Corpse Talk: Dead Good Storytellers


By Adam & Lisa Murphy (David Fickling Books)
ISBN: ISBN: 978-1-78845-125-3 (PB)

The educational power of comic strips has been long understood and acknowledged: if you can make the material memorably enjoyable, there is nothing that can’t be better taught with pictures. The obverse is also true: comics can make any topic or subject come alive… or at least – as here – outrageously, informatively undead…

The fabulous and effective conceit in Corpse Talk is that your scribbling, cartooning host Adam Murphy (ably abetted off-camera by Lisa Murphy) tracks down (or rather digs up) famous personages from the past: all serially exhumed for a chatty, cheeky This Was Your Life talk-show interview that – in Reithian terms – simultaneously “elucidates, educates and entertains”. It also often grosses one out, which is no bad thing for either a kids’ comic or a learning experience…

Another splendid album release culled from the annals of The Phoenix, this authorially-themed collection is dedicated to not-so-private audiences with a succession of legendary and/or unsung wordsmiths, in what would almost certainly not be their own words…

Catching up in order of date of demise, these candid cartoon conferences begin by digging the dirt with ‘Enheduanna: Priestess-Poet 23rd century BCE’, who has a claim to inventing poetry with her religion themed anthems in ancient Sumeria. As always, each balmy biography is accompanied by a side-feature examining a key aspect or artefact of their lives such as here with ‘Inanna and the Mountain’ (The Corpse Talk version) illustrating the power and short temper of the primal goddess…

Moving on in time – and perhaps into fiction rather than fact – comes an intimate investigation into the truth behind Greek epic poet ‘Homer’ (8th century BCE – possibly) supplemented by a vivid and truncated Corpse Talk version of ‘The Odyssey’ which could get you a passing grade if schools and exams weren’t another thing of the past…

Astounding female and unconventional Mandarin’s daughter ‘Li Qingzhao – Lyric Poet 1084-1155’ discusses her fortunate career in the Song Dynasty: accompanied by her translated, illustrated ode ‘Like a Dream’, after which a Sufi poet spanning 1207-1273 takes centre stage.

‘Jalaluddin Rumi’ details his transformation from acerbic scholar to impassioned love poet and is backed up by his illustrated poem ‘The Guest House’ before we head into more familiar territory with Medieval poet ‘Geoffrey Chaucer – 1343-1400’ who relates the tale of his times, backed up by the pertinent facts of ‘The Canterbury Tales’ plus a Corpse Talk adaptation of ‘The Pardoner’s Tale’

Playwright ‘William Shakespeare – 1564-1616’ tells it like it was, accompanied by the (fun) version of ‘Macbeth’ after which we go gothic by chatting with Romantic Poet ‘John Keats – 1795-1821’ and get acquainted with ‘La Belle Dame Sans Merci’ and double down with dark fantasy courtesy of Gothic Novelist ‘Mary Shelley – 1797-1851’ who candidly discloses how and why her groundbreaking novel came about, supplemented by a cartoon adaptation of ‘Frankenstein’.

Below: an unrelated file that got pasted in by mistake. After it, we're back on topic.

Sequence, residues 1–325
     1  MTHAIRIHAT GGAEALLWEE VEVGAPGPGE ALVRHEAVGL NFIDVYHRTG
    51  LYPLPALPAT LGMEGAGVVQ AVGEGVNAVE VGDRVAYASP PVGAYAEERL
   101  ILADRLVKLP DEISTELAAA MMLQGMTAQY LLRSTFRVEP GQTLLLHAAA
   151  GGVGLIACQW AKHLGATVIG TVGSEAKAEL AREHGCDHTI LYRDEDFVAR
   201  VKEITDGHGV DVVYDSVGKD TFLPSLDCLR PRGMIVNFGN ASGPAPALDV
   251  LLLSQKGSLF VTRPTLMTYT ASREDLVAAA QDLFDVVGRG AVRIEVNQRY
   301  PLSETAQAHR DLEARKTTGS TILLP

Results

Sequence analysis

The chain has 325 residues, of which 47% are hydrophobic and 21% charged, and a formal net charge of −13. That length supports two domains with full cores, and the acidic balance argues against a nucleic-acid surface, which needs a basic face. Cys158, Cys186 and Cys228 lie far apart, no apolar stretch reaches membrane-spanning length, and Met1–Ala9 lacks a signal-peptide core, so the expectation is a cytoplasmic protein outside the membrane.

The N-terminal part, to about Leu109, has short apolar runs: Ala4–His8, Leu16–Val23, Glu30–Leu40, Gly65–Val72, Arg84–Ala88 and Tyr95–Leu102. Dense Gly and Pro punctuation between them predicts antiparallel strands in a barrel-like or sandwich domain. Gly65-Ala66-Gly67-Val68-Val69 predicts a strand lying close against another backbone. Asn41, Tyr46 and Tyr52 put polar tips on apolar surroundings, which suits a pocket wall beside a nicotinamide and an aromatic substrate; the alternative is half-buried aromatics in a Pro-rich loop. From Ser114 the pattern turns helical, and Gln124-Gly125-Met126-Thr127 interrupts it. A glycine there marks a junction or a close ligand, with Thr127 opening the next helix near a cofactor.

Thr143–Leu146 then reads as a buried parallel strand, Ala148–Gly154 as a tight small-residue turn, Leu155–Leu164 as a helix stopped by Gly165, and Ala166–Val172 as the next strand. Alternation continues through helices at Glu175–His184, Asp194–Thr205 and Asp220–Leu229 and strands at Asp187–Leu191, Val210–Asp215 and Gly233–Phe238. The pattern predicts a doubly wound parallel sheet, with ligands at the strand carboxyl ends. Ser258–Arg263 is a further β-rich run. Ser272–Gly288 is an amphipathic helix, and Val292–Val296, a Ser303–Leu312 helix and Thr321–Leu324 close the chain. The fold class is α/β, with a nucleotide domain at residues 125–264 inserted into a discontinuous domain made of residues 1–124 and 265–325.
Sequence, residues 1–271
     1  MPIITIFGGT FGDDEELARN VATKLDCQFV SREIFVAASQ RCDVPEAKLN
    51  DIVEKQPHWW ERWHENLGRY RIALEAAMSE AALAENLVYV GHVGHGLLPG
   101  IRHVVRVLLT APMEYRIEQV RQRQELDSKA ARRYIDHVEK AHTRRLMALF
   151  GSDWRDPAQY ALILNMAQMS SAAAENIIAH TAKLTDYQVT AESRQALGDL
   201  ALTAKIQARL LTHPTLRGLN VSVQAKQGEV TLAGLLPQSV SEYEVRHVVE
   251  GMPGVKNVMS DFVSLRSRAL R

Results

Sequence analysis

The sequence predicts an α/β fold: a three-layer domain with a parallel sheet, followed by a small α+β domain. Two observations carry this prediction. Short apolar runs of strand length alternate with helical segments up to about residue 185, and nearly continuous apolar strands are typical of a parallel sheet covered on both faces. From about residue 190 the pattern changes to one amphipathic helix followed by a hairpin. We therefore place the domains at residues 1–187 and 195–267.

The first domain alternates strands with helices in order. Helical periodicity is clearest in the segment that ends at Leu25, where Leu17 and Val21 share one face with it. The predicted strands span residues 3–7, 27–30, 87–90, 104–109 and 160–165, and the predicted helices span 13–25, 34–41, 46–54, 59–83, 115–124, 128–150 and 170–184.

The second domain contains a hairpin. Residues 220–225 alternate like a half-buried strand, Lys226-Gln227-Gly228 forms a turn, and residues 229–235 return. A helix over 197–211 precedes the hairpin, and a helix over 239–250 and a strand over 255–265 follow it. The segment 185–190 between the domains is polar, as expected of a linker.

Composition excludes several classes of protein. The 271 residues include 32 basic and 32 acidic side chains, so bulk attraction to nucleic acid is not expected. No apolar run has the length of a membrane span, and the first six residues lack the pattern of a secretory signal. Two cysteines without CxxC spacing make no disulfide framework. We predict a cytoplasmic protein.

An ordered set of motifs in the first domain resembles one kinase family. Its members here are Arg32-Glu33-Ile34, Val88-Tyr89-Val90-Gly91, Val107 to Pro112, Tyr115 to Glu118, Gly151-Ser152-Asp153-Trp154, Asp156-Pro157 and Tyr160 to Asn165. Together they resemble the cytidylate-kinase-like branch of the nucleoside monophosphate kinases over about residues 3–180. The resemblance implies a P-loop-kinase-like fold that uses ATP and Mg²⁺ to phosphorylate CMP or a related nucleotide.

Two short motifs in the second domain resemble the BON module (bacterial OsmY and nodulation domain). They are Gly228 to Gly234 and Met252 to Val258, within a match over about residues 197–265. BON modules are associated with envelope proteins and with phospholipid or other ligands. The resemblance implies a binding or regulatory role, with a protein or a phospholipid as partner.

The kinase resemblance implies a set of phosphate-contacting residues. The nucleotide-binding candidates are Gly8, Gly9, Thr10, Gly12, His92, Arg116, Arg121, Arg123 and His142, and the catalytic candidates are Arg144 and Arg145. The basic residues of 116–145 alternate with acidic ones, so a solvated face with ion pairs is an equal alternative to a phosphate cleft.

Sticking with Gothic Novels, the life of ‘Charlotte Brontë – 1816-1865’ is explored, with definitive classic ‘Jayne Eyre’enjoying a Corpse Talk make-over, after which ‘Charles Dickens 1812-1870’ reviews his amazing career and endures a comics interpretation of ‘Great Expectations’, whilst Adventure Novelist ‘Alexandre Dumas – 1802-1870’ details how the son of French plantation slaves rose to pre-eminence in the literary world, accompanied by a rousing rendition of ‘The Count of Monte Cristo’

Epic Novelist and spiritual questor ‘Count Leo Nikolayevich Tolstoy – 1828-1910’ comes under the necroscope next, with a serviceable truncation of ‘War and Peace’ in his wake, before horrorist ‘Bram Stoker – 1847-1912’ tells his life-story while the Murphys deftly adapt his undying masterpiece ‘Dracula’ and Crime Writer ‘Sir Arthur Conan Doyle – 1859-1930’ examines his serried career and influences, with Sherlock Holmes short story ‘The Speckled Band’ leading us to final interviewee Children’s Author ‘Beatrix Potter – 1866-1943’; describing a life well-lived, and a splendid legacy, backed up a fresh take on the tale of ‘Peter Rabbit’.

…And just when you think it’s all over, up pops an extra item: a cracking adaptation of ‘All the World’s a Stage…’ from Shakespeare’s ‘As You Like It’, rounding out the fun and whimsy before ushering all and sundry back to their biers and sepulchres for now.

Clever, cheeky, outrageously funny and formidably factual throughout, Corpse Talk unyieldingly tackles history’s more tendentious moments whilst personalising the great, the grim, the good and especially the greatly entertaining for coming generations.

It is also a fabulously fun read no parent or kid could possibly resist. Don’t take my word for it though, just read and enjoy…
Text and illustrations © Adam & Lisa Murphy 2021. All rights reserved.